Writers create their own little worlds when they envision their stories. This is especially true for fantasies, fairy tales and those wonderful small town stories we have always loved.
My Civil War novel takes place in and around a real town. With serious liberties that would probably drive a Civil War historian insane. But I kept those Civil War buffs in mind as I created Maureen’s world. I wanted to be as true to the real Civil War landscape as I could.
I walked the Antietam battlefield. I visited the Pry House. I spent plenty of time wandering around Sharpsburg, driving the roads that lead to the Potomac River (and the South, during the War Between the States), and the roads that wind around the battlefield and lead to the two field hospitals that figure in my story. The hospital at the Pry House, a big old barn, still exists and that was easy to imagine. The other hospital is long gone. A collection of tents when Maria Hall was in charge, I had to imagine where that might have been.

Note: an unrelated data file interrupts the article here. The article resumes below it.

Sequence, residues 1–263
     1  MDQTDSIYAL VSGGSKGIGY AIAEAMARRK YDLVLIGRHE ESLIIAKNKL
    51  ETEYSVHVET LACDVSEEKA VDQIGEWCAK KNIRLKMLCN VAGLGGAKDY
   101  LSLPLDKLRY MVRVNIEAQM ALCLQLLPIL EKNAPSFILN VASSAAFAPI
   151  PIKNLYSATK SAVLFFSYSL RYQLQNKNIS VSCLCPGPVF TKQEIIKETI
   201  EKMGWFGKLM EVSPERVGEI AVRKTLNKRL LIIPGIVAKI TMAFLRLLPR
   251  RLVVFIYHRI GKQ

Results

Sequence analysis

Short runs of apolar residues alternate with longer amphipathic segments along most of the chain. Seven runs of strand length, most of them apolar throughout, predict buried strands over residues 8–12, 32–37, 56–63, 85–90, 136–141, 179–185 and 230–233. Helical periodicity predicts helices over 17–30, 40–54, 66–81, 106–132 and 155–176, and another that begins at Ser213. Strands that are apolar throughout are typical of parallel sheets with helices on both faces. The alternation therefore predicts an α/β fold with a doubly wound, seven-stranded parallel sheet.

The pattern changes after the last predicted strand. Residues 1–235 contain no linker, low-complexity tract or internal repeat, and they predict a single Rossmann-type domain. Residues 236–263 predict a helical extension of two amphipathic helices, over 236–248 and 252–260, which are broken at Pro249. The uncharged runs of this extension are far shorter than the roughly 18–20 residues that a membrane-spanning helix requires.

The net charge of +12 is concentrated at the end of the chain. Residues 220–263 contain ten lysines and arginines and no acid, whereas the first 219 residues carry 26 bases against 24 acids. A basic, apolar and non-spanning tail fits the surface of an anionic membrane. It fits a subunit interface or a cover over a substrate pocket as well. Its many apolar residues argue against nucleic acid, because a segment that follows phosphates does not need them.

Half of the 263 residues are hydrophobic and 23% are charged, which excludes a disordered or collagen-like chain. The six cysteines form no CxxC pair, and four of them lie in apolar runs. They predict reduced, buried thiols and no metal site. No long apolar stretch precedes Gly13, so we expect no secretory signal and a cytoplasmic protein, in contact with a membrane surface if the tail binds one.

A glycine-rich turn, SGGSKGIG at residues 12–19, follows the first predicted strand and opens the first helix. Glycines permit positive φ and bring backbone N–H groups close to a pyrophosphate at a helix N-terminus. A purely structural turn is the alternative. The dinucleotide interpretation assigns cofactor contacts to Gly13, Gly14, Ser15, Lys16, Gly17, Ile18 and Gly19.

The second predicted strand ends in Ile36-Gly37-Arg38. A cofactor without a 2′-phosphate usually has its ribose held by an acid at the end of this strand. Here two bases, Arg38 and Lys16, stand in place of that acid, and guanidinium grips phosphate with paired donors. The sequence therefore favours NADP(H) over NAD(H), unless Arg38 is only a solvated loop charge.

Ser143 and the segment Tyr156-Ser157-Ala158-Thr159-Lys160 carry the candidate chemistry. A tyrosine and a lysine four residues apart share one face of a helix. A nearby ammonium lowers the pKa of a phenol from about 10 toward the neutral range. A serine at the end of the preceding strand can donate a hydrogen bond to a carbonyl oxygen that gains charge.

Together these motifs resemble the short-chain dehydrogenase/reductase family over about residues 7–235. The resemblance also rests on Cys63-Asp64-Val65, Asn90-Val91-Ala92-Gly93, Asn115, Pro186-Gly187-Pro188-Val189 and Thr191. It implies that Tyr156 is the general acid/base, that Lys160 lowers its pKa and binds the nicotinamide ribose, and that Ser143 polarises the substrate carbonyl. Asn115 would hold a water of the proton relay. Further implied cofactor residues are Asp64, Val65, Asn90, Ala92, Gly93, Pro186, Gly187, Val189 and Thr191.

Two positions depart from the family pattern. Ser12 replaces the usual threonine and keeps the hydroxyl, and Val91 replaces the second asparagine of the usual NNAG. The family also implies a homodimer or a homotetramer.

Some things in the area haven’t changed since the war. Many of the roads remain. So do many houses and churches. The mountains still stand sentry on the horizon and the fields roll as they always have. Antietam Creek still burbles across the street from the cabin I imagined her sharing with Irish immigrant family.
All those things inspired each chapter of my novel.
And then, just as a way to double check my novel’s landscape, I bought a historic map from the park’s gift shop and marked it all up with the locations in my book.
At that moment, it became real to me. It became Maureen’s world.